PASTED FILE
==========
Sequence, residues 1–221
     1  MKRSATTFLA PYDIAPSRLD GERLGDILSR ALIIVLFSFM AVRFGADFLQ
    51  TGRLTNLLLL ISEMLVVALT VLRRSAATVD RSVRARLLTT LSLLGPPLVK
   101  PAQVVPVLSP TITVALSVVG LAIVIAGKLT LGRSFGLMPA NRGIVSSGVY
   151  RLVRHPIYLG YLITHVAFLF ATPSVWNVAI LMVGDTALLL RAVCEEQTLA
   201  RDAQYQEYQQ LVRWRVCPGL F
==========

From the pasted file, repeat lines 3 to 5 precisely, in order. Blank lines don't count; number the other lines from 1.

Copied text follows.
    51  TGRLTNLLLL ISEMLVVALT VLRRSAATVD RSVRARLLTT LSLLGPPLVK
   101  PAQVVPVLSP TITVALSVVG LAIVIAGKLT LGRSFGLMPA NRGIVSSGVY
   151  RLVRHPIYLG YLITHVAFLF ATPSVWNVAI LMVGDTALLL RAVCEEQTLA